How long until yellow glue dries?

This is mostly a "curiosity" question. My schedule allows only brief encounters with woodworking, so anything I glue up tends to stay clamped well past the recommended time; several days, on average. But I'm finally assembling the (prefinished) parts of the second pair of bookcases and I noticed something this morning.
The shelves are in dadoes, and I've been assembling the bookcases face down. I applied some shiny packing tape to the work surface under the areas where glue might drip out. That kept the work from adhering to the bench, but left some hardened glue in a couple of spots (on the first two bookcases). That wasn't too much of a problem. I scraped it down flush before I attached the face frames, and the areas were small.
I glued up another unit last night at about 8 p.m. I decided to have a look at it this morning, at 7 a.m. I removed the clamps and had a look underneath. Sure enough, there was squeeze-out, but it was a lot softer than I would have imagined after 11 hours. Is this possibly because it was relatively sealed in by the non-porous tape? Even some that had collected in an exposed corner was pretty soft. The temperature in the garage would likely have been in the low 60s.
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Not unusual ... temperature plays a significant part in curing time. Read the label, or find the manufacturer's data sheet online where they will usually have the recommended working/clamping times at the various temperatures.
With many woodworking glues I won't consider gluing a project when the temperature is in the 50 degree range at all, and you were right on the edge of that.
Check your glue specs and follow them
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On 4/17/2013 11:03 AM, Greg Guarino wrote:

The thicker the clump the longer it tales to cure and temperature plays a part. Glue clamp time is calculated assuming the thickness of the glue in the joint is less than paper thin.
Add to that glue moisture is normally absorbed into the wood if it is not being absorbed it will take much longer to cure.
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On 4/17/2013 12:30 PM, Leon wrote:

Thanks for the details. I always feel better when I understand a process a little bit, rather than simply following a procedure.
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On 4/17/13 11:03 AM, Greg Guarino wrote:

Adding to what Karl and Leon already wrote... The actual glue joints will be very strong at the manufacturers "set time" which is generally around 30 minutes. I would speculate up to an hour down around their minimum temperature for use.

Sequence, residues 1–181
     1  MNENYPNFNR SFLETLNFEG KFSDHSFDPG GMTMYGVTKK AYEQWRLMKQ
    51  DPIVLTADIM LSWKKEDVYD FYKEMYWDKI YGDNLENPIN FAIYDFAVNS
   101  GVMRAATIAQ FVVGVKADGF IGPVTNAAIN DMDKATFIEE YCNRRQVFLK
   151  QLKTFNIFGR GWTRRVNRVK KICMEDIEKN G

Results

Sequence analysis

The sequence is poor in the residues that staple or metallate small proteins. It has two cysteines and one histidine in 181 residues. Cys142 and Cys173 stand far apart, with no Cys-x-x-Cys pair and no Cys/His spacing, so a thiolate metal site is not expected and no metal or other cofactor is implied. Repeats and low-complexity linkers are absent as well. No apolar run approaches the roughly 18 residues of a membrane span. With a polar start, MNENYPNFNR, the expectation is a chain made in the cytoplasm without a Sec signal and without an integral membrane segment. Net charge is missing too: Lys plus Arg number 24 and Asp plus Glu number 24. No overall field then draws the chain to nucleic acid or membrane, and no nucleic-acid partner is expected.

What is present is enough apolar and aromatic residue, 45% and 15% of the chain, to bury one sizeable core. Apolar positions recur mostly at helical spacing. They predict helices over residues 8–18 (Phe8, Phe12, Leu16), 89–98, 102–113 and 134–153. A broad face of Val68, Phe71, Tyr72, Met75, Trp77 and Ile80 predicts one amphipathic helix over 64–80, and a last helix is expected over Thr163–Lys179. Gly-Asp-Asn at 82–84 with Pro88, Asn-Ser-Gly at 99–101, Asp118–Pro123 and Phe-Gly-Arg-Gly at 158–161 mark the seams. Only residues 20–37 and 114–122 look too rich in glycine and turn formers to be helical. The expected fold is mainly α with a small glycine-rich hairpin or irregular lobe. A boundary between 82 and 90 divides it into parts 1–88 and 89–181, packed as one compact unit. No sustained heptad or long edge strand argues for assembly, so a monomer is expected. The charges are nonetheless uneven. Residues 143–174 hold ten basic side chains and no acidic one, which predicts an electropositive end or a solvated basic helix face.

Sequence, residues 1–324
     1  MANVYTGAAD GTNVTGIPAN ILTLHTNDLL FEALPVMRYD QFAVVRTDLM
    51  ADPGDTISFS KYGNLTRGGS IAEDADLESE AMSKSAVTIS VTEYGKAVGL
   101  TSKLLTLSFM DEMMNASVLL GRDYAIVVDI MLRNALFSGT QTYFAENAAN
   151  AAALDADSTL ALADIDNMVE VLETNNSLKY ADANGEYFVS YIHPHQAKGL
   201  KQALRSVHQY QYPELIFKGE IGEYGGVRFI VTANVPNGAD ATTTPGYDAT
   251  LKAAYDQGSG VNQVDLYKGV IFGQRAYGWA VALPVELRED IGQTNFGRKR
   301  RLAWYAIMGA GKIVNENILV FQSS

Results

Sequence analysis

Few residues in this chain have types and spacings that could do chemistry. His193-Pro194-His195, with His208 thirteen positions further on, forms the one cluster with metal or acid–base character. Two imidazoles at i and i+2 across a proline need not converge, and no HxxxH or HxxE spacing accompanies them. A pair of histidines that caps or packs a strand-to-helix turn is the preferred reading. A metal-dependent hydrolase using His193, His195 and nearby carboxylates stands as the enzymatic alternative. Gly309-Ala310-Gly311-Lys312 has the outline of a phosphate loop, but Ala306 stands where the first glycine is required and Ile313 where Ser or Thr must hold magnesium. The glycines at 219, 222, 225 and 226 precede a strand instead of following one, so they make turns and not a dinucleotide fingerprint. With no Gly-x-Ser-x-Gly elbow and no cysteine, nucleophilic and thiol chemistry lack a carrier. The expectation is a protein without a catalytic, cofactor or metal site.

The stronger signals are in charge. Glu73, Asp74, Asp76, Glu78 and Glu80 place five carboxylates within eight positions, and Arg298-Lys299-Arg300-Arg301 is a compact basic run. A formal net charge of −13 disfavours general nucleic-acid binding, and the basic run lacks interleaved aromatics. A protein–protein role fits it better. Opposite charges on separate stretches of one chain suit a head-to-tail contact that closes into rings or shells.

Those glue drops and puddles will take days to harden, fully, and sometimes never. If they "skin-over" fast enough, that skin acts like a lid on the bottle keeping all air away from the glue inside the bubble.
It has been my practice to try to scrape away squeeze-out before it hardens, but after it skins a little. There's a magic time for this that is usually right around the set time for the glue. It's when the glue is set enough (doughy) to be scraped without spreading further on the wood and soaking into it, yet not so hard as to pull up any wood fibers or have to be chipped off.
The window of opportunity for this only about 10 minutes, in my experience. But when you get good at finding it, it removes a lot of other work from the equation, including clean-up, scraping/sanding, masking, taping, etc.
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On 4/17/2013 12:52 PM, -MIKE- wrote:

I guess 11 hours is safe then.

Thanks. In this case I prefinished all of the parts (first masking the mating surfaces of the joints) before assembly, specifically to avoid adding squeeze-out to my glue-up anxiety list.
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On 4/17/2013 12:06 PM, Greg Guarino wrote:

YES! LOL Generally the bond is good at 1 hour but instructions often indicate to not stress the joint for 12~24 hours.
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On 4/17/2013 12:52 PM, -MIKE- wrote:

To try to answer your practical question which I assume is how long should you wait for a glue joint to dry before continuing the next operation.
I make a lot of picture frames and stretchers. They are miter joints with biscuits. After the picture frames are assembled, I apply addition wood to the frame to complete them. I usually allow at a very minimum of 3 hours before I remove the clamps to complete the final wood work. I prefer to glue in the morning and finish in the evening or over night.
If the next operation are going to stress the joints I would allow additional time. Overnight should be more that enough for most operations that will stress the joints. The more stress to the joint the more time after gluing.
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"Greg Guarino" wrote in message

Regarding "dry," that seems to have two components to me. One is the clamp/cured time for the glue and the other is the time for the surrounding wood to normalize. As an example of the later, panels glued up using biscuits or loose tenons can end up with depressions around the location of the biscuit/tenon if they are sanded smooth too soon. This as the wood at those locations was swollen from the moisture and hadn't normalized yet.
I guess the answer to your question is, it depends. It depends on whether the glue joint is the only concern or whether the glue joint and wood normalization are the concern.
John
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It depends on the humility. Low and it dries faster. Cold and moist, like molasses in January. If wet, it separates and comes apart. Martin
On 4/17/2013 11:03 AM, Greg Guarino wrote:

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